1. At the risk of Ferryman accusing me of not being a regular user of the Connel Bridge (I plead guilty) I’d like to know why – to the best of my knowledge – there’s no form of overhead warning barrier that triggers stop lights if an overheight vehicle approaches the bridge? This type of ‘fail-safe’ precaution is common enough in some European countries – for example, at level crossings where there’s an overhead electric line.
    In this country any construction site involving traffic under low power lines will be legally required to have ‘goalposts’, and it leaves me wondering if the trunk road authority is asleep – or maybe their managing agents get a percentage of the cost of repairing the likes of Connel Bridge? I just can’t believe that the cost of repairs – and disruption – is outweighed by the cost of fitting effective safety warnings.

    Like or Dislike: Thumb up 0 Thumb down 0

    • What I’ve seen in some places is a hefty steel pipe suspended from cables over the road – no electrical system to go wrong, but a driver would have to be deaf or drunk not to be aware of a ‘hit’. (having said that, I wonder what was the driver’s excuse at Connel if – as it would appear – he ploughed on for some distance after hitting the first girder?)

      Like or Dislike: Thumb up 0 Thumb down 0

      • There is also a physical bar to warn drivers but with the lorries stereo on full you might not notice it even if you do hit it. Drivers are supposed to know what the height of their vehicles are and read the signs.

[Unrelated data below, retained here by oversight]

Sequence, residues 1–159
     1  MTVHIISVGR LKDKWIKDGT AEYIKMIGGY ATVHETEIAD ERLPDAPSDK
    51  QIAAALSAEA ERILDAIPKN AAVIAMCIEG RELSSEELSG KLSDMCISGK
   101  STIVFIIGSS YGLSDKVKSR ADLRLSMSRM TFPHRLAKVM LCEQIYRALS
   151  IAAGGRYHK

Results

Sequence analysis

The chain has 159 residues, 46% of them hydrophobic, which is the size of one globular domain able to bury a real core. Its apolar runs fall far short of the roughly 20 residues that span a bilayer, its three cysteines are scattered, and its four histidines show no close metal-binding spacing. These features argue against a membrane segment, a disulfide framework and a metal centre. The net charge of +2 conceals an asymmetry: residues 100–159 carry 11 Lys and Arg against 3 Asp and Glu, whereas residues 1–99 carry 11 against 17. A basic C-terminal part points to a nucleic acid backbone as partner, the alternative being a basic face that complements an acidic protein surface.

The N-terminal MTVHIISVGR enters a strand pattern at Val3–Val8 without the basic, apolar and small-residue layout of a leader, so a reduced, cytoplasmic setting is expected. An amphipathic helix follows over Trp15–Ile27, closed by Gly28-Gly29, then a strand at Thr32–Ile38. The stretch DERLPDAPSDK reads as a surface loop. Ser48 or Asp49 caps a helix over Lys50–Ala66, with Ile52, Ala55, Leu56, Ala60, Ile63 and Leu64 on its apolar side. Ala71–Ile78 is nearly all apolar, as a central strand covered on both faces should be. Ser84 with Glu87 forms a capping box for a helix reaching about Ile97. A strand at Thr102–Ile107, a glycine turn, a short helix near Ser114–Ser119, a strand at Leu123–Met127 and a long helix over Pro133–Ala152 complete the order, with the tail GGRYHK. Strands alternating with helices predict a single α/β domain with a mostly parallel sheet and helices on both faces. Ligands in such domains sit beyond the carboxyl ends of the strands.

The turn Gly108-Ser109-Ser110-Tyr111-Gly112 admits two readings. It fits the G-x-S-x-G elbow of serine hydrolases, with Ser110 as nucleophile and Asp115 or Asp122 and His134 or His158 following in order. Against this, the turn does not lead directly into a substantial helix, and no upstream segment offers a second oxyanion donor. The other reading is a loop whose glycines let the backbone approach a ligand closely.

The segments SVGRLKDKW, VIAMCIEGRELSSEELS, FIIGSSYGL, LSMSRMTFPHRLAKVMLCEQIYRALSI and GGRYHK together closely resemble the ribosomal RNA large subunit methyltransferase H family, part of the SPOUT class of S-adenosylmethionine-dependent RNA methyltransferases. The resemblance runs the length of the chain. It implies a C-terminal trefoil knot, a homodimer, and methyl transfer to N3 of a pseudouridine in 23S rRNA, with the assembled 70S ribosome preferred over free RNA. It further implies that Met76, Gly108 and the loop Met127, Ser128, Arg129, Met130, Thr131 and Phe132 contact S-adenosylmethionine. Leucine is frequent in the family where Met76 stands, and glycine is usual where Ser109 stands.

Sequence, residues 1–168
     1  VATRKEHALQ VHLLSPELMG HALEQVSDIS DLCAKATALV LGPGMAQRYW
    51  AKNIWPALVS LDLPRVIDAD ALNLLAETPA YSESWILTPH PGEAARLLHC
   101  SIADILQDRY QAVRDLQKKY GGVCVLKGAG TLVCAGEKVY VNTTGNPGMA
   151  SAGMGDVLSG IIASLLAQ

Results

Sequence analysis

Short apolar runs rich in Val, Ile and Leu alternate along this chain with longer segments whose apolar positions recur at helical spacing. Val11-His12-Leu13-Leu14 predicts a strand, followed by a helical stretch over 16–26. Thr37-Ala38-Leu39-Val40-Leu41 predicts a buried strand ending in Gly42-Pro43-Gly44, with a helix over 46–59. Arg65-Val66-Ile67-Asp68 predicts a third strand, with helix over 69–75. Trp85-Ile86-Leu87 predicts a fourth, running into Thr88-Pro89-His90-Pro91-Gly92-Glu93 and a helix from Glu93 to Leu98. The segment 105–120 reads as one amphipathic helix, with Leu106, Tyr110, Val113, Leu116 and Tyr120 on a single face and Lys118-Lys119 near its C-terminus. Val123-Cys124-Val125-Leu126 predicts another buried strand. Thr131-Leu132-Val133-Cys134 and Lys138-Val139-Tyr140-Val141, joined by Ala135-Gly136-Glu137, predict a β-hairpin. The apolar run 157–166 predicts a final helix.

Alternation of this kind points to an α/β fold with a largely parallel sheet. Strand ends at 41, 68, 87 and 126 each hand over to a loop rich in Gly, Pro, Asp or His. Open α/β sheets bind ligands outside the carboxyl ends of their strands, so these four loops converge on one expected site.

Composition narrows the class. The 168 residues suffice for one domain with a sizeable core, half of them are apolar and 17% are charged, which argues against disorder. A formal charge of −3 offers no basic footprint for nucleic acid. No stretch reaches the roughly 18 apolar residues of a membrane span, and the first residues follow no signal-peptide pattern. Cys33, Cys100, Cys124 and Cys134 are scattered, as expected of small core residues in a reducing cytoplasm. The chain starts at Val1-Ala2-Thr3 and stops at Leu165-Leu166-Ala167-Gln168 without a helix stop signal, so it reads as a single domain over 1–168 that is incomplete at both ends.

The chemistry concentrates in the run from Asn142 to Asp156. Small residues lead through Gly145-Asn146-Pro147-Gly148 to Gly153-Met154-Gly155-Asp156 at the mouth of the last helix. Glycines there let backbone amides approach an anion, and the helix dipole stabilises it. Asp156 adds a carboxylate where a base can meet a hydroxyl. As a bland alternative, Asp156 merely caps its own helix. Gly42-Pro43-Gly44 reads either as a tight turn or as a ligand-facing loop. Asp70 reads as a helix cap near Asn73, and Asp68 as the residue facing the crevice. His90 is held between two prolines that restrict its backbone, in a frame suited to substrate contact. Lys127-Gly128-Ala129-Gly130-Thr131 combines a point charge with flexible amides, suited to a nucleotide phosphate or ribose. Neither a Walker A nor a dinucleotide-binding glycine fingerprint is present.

Like or Dislike: Thumb up 0 Thumb down 0

        • In that case perhaps a reliable stop light system with flashing ‘overheight’ warning would be the obvious failsafe system – the flashing speed signs at the southern entrance to Inveraray and on Great Western Road near Drumchapel are very noticeable.

          Like or Dislike: Thumb up 0 Thumb down 0

          • As linnhe says, there is a recently-installed system of vehicle height sensors linked to NADIX-type display boards/flashing lights, but there have been some ‘teething troubles’ with these.

            Like or Dislike: Thumb up 0 Thumb down 0

Leave a Reply

Your email address will not be published. Required fields are marked *

You may use these HTML tags and attributes: <a href="" title=""> <abbr title=""> <acronym title=""> <b> <blockquote cite=""> <cite> <code> <del datetime=""> <em> <i> <q cite=""> <strike> <strong>


All the latest comments (including yours) straight to your mailbox, everyday! Click here to subscribe.